In which country did malaria start?
That’s an interesting question! In terms of the evolution of the disease, the different types of malaria probably evolved in different places; it is hypothesised for example, that P. falciparum evolved from a related strain of malaria that is found in gorillas in central Africa, so the human form also probably originates from that area. Although an exact date for the origin of P. falciparum is still under debate, it was probably sometime around 10,000 years ago, long before modern countries existed in the region!
As for when malaria was first recorded in human populations, it was known in ancient China, as long ago as 2700 BCE, when the ancient Chinese medical text, Nei Ching, was written. Two and a half thousand years later, in around 200 BCE, there are descriptions of the use of Artemisia annua for the treatment of malarial-type fevers; extracts from this plant, known as artemisinins, are still used for the treatment of malaria today.
Malaria was also known from Europe by the 4th century BCE when it was described by ancient Greek writers. The Romans too were aware of malaria and the risks it posed; they even associated the disease with stagnant water (required by mosquitoes to breed, though it is unclear whether they actively understood the association between mosquito bites and the fevers), which led to extensive public drainage works in order to eliminate bodies of standing water.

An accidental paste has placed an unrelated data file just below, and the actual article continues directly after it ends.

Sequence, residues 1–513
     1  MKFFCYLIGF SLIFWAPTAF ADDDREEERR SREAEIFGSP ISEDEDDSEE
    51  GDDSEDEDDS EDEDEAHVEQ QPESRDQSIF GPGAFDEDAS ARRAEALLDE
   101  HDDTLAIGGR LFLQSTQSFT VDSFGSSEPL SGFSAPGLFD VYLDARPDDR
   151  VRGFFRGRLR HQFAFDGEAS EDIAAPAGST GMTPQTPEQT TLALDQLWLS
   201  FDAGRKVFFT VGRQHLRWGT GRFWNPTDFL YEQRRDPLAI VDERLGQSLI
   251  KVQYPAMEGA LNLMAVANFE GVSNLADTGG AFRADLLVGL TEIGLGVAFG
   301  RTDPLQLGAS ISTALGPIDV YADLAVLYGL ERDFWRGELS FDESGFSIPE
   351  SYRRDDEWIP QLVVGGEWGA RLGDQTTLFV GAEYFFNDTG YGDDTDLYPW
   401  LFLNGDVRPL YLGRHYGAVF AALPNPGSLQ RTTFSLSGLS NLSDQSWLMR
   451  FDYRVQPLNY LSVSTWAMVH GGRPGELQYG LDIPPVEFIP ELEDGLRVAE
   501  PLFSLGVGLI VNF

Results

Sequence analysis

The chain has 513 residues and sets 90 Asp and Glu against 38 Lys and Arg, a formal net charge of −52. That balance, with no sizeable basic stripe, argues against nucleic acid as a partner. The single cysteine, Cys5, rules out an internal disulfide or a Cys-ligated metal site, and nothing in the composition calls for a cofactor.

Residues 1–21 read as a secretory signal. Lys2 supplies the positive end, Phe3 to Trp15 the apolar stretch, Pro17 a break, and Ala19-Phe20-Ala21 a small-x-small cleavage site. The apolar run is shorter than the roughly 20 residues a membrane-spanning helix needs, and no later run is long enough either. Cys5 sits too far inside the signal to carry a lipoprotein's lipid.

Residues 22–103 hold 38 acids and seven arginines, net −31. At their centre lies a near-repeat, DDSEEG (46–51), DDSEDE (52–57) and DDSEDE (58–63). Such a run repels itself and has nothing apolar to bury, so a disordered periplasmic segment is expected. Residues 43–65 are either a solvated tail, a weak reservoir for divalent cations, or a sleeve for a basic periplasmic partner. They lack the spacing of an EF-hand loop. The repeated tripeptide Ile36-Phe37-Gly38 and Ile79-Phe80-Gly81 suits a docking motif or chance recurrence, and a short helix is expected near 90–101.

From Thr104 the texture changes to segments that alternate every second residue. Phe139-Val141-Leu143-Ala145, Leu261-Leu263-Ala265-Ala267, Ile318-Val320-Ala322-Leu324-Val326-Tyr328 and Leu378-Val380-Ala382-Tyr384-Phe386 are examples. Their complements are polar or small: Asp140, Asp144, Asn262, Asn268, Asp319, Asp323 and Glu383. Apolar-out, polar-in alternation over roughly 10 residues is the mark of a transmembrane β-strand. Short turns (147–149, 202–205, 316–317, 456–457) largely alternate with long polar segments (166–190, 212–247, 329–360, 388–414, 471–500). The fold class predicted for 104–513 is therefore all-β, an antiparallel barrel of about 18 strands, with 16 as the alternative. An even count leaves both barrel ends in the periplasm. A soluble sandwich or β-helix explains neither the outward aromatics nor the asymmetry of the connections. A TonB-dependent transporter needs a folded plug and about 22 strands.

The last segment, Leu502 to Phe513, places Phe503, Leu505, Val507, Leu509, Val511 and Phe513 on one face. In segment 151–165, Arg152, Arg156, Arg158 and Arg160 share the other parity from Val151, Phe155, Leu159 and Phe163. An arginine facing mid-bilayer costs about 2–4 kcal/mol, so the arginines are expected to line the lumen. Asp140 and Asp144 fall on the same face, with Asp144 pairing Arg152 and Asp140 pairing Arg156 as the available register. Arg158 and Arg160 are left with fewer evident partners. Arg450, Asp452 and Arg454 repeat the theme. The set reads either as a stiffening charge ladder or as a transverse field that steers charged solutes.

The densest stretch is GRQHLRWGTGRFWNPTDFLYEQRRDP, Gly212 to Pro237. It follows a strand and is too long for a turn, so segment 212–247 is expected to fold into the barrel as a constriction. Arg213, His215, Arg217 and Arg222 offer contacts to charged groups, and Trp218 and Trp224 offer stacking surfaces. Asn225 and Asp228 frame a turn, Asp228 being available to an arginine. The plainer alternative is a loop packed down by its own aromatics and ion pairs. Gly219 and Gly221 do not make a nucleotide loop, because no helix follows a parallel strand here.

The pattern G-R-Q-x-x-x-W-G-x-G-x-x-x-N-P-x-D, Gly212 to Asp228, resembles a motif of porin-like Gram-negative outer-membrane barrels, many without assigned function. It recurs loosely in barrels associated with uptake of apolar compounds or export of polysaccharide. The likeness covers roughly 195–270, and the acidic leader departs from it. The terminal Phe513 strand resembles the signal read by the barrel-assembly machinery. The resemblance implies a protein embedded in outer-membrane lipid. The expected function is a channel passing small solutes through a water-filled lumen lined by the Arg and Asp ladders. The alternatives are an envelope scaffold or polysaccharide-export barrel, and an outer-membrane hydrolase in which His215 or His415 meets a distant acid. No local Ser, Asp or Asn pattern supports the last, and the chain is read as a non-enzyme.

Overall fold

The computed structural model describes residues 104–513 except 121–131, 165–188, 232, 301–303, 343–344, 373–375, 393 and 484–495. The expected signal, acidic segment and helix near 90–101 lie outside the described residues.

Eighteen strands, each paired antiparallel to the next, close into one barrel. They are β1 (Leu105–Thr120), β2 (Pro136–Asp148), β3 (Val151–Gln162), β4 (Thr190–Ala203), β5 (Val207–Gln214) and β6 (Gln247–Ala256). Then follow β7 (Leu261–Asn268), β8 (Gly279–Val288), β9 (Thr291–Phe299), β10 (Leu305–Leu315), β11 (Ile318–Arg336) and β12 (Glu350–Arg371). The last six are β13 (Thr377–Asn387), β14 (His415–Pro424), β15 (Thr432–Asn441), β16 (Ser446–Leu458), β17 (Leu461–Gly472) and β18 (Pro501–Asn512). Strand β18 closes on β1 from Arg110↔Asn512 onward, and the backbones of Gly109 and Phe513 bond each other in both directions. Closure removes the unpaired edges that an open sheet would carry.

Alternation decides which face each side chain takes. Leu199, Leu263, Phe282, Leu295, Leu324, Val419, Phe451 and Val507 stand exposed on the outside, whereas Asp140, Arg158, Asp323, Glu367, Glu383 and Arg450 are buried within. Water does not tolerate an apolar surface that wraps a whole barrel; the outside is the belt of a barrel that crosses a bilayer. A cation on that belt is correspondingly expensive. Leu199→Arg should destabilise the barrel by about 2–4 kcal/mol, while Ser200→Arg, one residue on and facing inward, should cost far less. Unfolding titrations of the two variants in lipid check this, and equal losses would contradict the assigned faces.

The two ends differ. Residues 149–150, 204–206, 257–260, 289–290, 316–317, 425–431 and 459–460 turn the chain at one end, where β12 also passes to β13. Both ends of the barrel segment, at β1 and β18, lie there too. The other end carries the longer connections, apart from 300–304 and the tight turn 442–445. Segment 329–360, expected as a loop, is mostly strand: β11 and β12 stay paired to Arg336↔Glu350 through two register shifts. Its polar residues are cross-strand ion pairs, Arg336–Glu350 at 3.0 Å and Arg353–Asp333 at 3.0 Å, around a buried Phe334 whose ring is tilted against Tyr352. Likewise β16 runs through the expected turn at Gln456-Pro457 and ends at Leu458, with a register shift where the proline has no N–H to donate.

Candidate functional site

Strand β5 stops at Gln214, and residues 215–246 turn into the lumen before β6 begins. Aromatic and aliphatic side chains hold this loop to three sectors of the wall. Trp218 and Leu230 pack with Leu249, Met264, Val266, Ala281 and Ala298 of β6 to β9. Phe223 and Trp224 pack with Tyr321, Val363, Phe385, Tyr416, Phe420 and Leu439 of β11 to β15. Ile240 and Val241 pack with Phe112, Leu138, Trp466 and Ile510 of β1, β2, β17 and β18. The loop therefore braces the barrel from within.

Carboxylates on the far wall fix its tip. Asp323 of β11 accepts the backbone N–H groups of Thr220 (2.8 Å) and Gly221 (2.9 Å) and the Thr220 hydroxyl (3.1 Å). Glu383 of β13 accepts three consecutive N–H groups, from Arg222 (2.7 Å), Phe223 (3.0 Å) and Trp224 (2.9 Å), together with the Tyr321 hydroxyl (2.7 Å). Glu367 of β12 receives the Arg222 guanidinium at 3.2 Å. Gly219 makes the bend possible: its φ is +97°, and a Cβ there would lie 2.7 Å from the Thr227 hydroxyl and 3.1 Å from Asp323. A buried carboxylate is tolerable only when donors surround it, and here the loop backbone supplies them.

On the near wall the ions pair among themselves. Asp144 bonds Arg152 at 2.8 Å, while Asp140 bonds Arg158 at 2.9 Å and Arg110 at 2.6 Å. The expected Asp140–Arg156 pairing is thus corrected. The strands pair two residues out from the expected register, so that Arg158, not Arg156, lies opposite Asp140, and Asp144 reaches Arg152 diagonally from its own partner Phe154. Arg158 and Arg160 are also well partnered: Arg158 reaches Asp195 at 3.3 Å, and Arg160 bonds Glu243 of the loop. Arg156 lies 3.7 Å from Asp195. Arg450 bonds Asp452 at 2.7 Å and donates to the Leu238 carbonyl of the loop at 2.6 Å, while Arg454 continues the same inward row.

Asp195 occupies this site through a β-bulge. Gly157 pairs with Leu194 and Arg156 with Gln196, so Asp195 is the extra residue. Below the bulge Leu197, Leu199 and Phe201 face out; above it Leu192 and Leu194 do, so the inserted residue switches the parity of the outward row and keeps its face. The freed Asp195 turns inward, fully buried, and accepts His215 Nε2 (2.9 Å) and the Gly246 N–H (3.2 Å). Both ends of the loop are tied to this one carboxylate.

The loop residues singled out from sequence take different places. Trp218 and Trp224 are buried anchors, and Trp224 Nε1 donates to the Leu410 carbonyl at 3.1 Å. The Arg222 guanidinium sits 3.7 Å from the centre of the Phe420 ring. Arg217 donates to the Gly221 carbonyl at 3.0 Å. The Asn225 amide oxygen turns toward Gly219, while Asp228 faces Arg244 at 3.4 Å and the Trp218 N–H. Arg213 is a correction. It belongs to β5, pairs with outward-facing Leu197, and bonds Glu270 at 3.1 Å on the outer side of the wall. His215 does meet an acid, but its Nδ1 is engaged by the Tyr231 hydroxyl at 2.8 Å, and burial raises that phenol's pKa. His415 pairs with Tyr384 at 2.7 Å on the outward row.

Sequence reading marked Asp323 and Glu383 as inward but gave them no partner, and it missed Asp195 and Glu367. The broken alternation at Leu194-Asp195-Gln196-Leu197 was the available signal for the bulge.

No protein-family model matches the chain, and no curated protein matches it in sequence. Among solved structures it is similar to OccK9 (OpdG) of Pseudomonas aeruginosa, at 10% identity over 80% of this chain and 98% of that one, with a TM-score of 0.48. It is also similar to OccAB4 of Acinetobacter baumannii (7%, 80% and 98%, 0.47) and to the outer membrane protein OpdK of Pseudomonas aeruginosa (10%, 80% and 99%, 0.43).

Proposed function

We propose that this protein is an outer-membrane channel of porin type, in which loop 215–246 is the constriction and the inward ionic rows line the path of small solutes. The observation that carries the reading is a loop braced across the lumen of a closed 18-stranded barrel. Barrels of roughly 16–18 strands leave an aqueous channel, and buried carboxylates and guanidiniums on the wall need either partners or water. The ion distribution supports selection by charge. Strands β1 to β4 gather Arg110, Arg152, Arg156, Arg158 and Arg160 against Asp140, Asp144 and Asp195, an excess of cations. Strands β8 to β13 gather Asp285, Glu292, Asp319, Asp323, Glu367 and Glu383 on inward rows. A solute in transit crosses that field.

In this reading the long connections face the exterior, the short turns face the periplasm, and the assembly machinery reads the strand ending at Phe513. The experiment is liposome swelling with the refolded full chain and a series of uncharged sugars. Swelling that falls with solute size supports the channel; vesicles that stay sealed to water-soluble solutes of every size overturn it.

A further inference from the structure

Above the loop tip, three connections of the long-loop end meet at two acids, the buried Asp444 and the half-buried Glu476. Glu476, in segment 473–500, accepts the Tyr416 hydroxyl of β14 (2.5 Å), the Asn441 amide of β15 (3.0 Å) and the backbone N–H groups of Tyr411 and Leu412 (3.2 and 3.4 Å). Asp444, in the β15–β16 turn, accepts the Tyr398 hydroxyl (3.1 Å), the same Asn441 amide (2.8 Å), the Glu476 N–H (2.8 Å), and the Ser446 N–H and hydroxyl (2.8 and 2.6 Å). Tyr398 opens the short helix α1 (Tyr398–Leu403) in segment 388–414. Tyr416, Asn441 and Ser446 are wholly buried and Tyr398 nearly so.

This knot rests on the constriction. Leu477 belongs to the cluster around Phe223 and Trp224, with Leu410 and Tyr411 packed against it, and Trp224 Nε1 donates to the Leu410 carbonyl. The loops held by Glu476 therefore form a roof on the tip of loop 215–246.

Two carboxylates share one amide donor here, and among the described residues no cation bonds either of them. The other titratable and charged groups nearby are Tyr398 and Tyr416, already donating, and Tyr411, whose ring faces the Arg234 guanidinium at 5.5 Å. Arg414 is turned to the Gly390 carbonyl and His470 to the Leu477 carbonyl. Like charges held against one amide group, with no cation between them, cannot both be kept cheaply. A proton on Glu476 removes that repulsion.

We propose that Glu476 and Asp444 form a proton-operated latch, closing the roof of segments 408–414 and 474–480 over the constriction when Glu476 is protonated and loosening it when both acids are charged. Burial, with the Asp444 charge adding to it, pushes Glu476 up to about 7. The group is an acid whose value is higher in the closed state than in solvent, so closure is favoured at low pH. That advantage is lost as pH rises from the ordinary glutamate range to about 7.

Given the lack of written histories, it is more difficult to determine the earliest understanding of malaria in the Americas. However, when the Spanish arrived in the 15th century, they learned of local remedies that the indigenous populations had for various fevers; one of these natural medicines was the bark of a tree of the genus Chichona. More commonly called quinine, this compound is still used as an anti-malarial in modern times.
Nowadays, vector control measures, efficient health monitoring systems and treatment availability has much reduced and in some cases even eradicated the transmission of malaria from most of the United States, Europe and even large parts of China. The greatest burden of the disease continues to be in the tropical regions of the world, and in particular, in sub-Saharan Africa.